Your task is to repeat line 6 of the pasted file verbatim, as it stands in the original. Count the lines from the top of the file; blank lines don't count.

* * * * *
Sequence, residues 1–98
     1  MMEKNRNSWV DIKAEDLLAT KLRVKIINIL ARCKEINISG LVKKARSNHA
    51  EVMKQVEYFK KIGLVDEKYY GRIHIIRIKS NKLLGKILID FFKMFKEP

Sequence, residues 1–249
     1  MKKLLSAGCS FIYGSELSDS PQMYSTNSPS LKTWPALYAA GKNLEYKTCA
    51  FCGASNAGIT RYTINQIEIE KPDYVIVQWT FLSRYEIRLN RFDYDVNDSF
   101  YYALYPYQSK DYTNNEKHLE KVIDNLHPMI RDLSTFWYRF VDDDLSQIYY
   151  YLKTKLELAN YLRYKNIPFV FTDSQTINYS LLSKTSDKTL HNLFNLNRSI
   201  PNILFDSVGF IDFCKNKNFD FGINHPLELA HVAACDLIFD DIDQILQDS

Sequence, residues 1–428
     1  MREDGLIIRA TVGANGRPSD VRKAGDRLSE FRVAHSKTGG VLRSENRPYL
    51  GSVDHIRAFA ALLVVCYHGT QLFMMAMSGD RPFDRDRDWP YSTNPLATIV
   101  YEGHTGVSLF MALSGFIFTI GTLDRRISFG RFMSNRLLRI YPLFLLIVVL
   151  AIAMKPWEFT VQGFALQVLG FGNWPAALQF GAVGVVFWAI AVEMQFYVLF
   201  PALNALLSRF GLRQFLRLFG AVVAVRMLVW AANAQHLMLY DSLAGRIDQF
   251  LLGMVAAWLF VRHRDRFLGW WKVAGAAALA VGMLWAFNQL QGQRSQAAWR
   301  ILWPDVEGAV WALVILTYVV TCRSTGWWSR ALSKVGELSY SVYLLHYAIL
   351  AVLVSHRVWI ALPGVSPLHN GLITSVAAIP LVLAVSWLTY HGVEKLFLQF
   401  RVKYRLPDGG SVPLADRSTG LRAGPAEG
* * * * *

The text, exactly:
    51  FCGASNAGIT RYTINQIEIE KPDYVIVQWT FLSRYEIRLN RFDYDVNDSF